The FINANCIAL -- A study led by the University of Liverpool that catalogued all of the links between marine biodiversity and the different ways we rely on the sea found more than 30 ways it supports well-being including providing a source of nutrition, supplying raw materials and supporting recreational activities.
A team of researchers explored the different ways that European seas including North East Atlantic Ocean, the Mediterranean Sea, the Baltic Sea and the Black Sea support and link to human wellbeing.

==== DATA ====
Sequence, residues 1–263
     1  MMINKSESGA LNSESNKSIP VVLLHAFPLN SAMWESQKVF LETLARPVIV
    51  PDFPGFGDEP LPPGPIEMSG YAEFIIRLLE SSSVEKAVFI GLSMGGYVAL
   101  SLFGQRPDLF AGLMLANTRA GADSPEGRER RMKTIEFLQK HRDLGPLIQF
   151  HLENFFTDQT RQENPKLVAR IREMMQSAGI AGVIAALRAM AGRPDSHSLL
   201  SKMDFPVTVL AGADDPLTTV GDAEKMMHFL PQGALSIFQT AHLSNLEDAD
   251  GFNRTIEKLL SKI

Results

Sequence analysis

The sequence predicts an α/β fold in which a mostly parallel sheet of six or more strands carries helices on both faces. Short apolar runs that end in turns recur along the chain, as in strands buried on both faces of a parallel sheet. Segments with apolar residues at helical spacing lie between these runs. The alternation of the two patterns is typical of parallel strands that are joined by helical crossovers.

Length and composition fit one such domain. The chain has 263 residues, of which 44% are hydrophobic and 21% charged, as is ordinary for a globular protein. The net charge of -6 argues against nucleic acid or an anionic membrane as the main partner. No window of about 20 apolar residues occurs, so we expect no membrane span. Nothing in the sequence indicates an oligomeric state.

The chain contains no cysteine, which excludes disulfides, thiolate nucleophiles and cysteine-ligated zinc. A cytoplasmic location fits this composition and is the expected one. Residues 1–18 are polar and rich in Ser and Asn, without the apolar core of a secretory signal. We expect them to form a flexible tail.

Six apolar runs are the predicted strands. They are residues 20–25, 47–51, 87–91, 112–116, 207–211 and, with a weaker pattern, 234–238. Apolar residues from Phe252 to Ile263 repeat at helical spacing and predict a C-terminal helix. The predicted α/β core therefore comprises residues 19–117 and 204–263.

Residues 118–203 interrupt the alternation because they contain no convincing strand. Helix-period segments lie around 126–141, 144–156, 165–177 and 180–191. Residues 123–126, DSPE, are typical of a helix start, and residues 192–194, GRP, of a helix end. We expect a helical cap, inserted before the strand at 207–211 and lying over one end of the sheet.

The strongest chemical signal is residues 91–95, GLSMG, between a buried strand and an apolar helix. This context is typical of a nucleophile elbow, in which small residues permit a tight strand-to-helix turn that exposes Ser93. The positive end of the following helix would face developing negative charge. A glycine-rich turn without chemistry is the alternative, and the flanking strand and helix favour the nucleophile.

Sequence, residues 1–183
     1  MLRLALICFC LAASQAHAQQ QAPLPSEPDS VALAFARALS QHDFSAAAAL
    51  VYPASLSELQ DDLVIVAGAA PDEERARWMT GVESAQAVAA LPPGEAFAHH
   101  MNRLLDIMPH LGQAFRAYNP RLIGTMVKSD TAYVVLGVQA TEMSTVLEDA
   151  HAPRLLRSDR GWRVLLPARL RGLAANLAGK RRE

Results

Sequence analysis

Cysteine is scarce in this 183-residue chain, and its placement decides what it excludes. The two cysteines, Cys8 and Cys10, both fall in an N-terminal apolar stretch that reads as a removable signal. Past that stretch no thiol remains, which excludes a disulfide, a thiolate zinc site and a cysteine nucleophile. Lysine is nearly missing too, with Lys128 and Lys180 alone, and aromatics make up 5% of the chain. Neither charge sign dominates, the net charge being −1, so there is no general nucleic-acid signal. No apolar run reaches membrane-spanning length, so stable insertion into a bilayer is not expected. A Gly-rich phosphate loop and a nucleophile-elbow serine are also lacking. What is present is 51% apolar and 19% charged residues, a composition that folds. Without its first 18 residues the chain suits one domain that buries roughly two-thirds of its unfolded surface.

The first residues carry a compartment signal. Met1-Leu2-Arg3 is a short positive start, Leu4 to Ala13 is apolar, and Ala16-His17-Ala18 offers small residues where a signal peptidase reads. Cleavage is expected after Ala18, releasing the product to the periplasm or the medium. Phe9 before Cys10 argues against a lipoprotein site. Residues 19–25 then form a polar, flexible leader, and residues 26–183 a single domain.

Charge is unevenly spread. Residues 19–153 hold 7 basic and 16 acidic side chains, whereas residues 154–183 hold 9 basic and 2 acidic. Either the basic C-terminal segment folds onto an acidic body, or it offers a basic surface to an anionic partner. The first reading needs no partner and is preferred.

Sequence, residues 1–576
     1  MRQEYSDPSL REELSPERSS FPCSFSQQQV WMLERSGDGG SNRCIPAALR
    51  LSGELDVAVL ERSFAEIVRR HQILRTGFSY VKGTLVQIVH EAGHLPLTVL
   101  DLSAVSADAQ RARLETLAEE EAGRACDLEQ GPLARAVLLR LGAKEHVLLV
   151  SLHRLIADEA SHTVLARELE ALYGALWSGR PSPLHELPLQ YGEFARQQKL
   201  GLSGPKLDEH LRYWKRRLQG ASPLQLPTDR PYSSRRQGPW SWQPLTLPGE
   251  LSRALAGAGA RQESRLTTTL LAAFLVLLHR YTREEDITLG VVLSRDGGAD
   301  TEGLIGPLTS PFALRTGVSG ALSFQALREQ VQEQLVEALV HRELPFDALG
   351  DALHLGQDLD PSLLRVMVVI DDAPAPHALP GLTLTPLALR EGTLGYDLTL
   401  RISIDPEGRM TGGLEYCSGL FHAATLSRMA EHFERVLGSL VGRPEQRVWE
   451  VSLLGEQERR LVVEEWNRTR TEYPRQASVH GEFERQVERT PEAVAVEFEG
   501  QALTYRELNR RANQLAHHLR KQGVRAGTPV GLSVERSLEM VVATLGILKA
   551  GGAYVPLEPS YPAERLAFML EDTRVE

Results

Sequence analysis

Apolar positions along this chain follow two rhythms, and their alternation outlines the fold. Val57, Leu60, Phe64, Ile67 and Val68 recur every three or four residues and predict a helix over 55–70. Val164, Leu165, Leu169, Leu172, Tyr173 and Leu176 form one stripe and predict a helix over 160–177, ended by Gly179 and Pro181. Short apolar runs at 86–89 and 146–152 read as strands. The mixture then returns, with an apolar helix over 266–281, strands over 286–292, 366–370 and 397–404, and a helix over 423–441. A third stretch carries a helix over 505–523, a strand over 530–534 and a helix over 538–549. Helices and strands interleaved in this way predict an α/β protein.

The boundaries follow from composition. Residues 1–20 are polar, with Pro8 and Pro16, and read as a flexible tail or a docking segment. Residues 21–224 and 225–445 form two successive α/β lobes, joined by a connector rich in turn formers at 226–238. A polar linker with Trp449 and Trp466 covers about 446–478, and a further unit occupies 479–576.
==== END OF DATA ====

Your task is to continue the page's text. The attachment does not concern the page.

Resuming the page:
It is known that marine biodiversity supports human wellbeing in many ways and that people benefit from links between the flora and fauna of the sea and the ‘ecosystem services’. However, such an extensive catalogue of the links between marine ecosystems and human wellbeing has not previously existed.
The study found 31 different ecosystem services including providing a source of nutrition through supply of seafood, providing raw materials, for example marine plants used in cosmetics, producing oxygen (the sea is estimated to produce half of the oxygen we breathe), providing natural flood defences and also providing opportunities for recreation, artistic inspiration and enhancement of spiritual wellbeing.
Some of these, like seafood, have significant economic value and others enrich our lives in other essential and non-essential ways.